Notices Seeking Possession, commonly referred to as Section 21 Notices by the section number of the Act from which they originate, were introduced by the Housing Act 1988 (as amended) to provide landlords with a simple process by which to get possession of their property. These are used where there has been no breach of the tenancy agreement, as opposed to the use of Section 8 Notices.
IMPORTANT NOTE: It is unlawful to remove a tenant of residential property without an Order for Possession from the Court.
To be able to apply to the Court, where there is an Assured Shorthold Tenancy, a landlord must first serve a Section 21 Notice providing more than 2 calendar months’ notice that possession of the property is required.
There are 2 types of Section 21 Notice and it is vital to make sure that the correct one is used. The distinction is between the type of tenancy, whether fixed term or statutory periodic tenancy. All Assured Shorthold Tenancies begin as fixed term tenancies, commonly this is either for 6 or 12 months. Once that fixed term comes to an end, except where the tenancy itself is terminated, the AST “rolls over” by operation of law and becomes a Statutory Periodic Tenancy. These tenancies run from period to period, most commonly this is month to month and so slightly different rules about bringing them to an end and seeking possession then apply.
There have been studies showing that a very large proportion of Section 21 Notices served and then used in Court proceedings were drafted incorrectly by containing the wrong date. The Courts have attempted to reduce the way in which such “technicalities” are fatal to Possession Claims, such as in the case of Spencer v Taylor. However, ensuring that it is done correctly in the first place will save time, expense and the risk of having to start the process all over again, which is the consequence. Taking professional advice from a lawyer at an early stage can prove to be much more cost effective.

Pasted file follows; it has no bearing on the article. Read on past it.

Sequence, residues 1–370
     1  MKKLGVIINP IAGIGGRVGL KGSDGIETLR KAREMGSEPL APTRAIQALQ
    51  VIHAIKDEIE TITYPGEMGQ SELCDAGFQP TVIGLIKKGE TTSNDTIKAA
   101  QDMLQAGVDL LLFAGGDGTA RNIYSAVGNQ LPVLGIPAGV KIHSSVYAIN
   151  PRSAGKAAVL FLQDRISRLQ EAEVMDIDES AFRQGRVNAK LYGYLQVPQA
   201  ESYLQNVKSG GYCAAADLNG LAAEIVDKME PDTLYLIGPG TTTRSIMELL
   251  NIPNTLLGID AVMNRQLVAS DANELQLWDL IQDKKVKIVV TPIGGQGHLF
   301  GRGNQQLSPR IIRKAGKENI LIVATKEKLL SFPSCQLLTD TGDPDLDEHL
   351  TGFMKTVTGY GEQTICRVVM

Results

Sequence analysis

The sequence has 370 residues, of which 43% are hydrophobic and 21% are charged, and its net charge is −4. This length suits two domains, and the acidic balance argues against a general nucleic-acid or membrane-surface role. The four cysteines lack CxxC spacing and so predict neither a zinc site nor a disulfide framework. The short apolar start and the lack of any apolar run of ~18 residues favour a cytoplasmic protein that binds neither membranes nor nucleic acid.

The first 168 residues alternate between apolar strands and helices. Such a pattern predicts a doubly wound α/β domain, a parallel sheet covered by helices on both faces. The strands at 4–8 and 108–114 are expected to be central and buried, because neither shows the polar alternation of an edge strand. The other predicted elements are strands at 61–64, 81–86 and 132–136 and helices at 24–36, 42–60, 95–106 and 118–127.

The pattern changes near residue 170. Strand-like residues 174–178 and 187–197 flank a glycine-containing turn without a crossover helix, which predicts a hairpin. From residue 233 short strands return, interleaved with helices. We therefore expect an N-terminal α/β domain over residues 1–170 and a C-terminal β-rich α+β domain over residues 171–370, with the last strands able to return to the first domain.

The type of "Section 21 Notice" used depends on whether the AST was for a fixed term; or was a periodic tenancy, arising where the tenant remained in occupation after expiry of the fixed term.
S21(1)(b) – this notice must be served if it is a fixed term tenancy. It must give at least 2 calendar months’ notice to the tenant and, if new legislative provisions apply to the tenancy, it cannot be given until 4 months into the tenancy;
S21(4)(a) – this notice must be served during a statutoryperiodic tenancy, after expiry of the fixed term. Not less than two months’ notice is required and it should expire on the "last day of a period of the tenancy".
TIP: An easy way to remember which Section 21 Notice is needed is (1)(b) for “(1)(b)efore” the fixed term ends and (4)(a) as “(4)(a)fter” the fixed term has ended.
IMPORTANT NOTE: Before serving any Section 21 Notice a landlord must ensure that they are eligible to do so by having complied with all of the requirements that have to have been met under The Assured Shorthold Tenancy Notices and Prescribed Requirements (England) Regulations 2015, as a pre-requisite, as per the checklist of main requirements below:
If you are unsure about these then it is important to seek professional legal advice to make sure that Section 21 Notice can be used. It is also a good idea to include copies of the items from the checklist with the Section 21 Notice to avoid any doubt.
The new rules apply to Assured Shorthold Tenancies granted after the relevant parts of the Deregulation Act 2015 come into force, for these it is 01 July 2015 and or 01 October 2015. For AST’s started before any relevant dates then these do not yet apply, even if the tenancy rolls over to become a Statutory Periodic Tenancy.
On and after 01 October 2018, however, all provisions will apply to all Assured Shorthold Tenancies in existence.
Another restriction on Section 21 Notices concerns so called “revenge” or retaliatory evictions. These have occurred in the past where landlords have threatened to evict tenants based on the simple fact that they have made a complaint about the property’s condition.
It is open to tenants to complain to their local authority housing department and they can take action, including serving enforcement notices, which can prevent a landlord seeking possession by way of Section 21 Notice for 6 months and impose other conditions.
TIP: It is vital to ensure that any tenant issues are responded to as soon as possible to prevent them escalating and becoming an issue when it becomes necessary to obtain possession.
LMD Law can provide assistance to Landlords throughout the process of seeking a Possession Order as well as to Tenants who may face proceedings against them.
For a FREE no obligation initial discussion about your matter please don’t hesitate to get in touch with us.
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